Egypt denies trying to sell off the family silver
Egypt’s government has no intention of renting or selling any of the country’s monuments, the cabinet’s official spokesman stated on Wednesday.
Reports of the cabinet’s intent to do that are merely based on a proposal someone made, the spokesman added.
The finance ministry presented a proposal from a citizen called Abdallah Mahfouz for a project involving usufruct of archeological sites in Egypt including the Giza Pyramids, the Sphinx and Luxor temples.
The proposal stated that the usufruct will be given to international tourism companies for three or five years and will be done through a public auction for financial returns.
Mahfouz said it is a “quick fix for the budget deficit”, head of the finance minister’s office Ayman Gohar said.
The project’s returns may reach up to $200 billion as rental value for five years, Mahfouz added.
The ministry of antiquities had said today that the Supreme Council for Antiquities entirely rejected the proposal.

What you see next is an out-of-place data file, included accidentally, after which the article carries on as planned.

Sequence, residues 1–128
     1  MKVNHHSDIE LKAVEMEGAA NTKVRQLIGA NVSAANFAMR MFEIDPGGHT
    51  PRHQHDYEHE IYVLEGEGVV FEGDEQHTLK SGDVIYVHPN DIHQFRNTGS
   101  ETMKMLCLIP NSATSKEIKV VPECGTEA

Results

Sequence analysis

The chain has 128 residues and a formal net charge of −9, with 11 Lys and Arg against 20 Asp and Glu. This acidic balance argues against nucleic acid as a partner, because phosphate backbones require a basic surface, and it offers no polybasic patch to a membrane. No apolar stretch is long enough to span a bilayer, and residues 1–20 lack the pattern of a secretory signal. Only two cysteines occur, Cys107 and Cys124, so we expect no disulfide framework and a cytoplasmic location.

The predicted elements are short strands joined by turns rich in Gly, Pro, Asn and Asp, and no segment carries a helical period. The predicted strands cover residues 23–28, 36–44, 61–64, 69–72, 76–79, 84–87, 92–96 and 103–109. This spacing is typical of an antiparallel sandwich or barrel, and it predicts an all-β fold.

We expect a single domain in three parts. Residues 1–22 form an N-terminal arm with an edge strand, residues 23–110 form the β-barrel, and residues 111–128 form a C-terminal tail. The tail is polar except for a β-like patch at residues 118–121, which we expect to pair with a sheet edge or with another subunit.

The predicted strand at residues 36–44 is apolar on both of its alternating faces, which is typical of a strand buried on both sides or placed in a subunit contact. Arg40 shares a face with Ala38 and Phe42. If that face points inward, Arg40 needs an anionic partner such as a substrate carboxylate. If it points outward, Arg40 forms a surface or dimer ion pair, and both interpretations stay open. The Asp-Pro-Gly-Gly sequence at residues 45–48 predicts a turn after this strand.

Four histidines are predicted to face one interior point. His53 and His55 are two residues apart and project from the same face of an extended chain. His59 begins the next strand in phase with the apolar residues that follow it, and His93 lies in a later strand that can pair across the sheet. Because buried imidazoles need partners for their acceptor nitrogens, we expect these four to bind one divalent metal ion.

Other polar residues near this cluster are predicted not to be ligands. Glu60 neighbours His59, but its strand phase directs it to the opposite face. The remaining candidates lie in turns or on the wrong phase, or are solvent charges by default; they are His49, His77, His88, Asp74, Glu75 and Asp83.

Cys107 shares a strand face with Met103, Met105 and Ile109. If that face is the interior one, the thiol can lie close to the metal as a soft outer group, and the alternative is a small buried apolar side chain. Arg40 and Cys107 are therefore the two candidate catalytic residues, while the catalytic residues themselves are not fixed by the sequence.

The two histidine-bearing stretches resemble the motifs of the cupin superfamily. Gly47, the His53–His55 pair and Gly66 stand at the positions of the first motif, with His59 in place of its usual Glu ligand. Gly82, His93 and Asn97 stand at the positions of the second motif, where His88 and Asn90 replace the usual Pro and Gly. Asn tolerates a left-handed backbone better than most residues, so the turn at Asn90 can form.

The Minister of Antiquities emphasized the impossibility of compromising the country’s cultural heritage.
All antiquities belong to the state and are part of public funds that may not be exploited through usufruct, the ministry of antiquities said.
- Impetus from within: why the Arab World needs a very Arab 'Marshall Plan'
- 'Fiscal juggling': just how many economic priorities will Saudi Arabia's new King have to focus on?
- Despite Erdogan's 'harsh rhetoric', Turkish-Israeli is still booming
- UAE is best MidEast economy for attracting talent, index says
- The Arab Spring's success story: what will it take for Tunisia to unlock its full economic potential?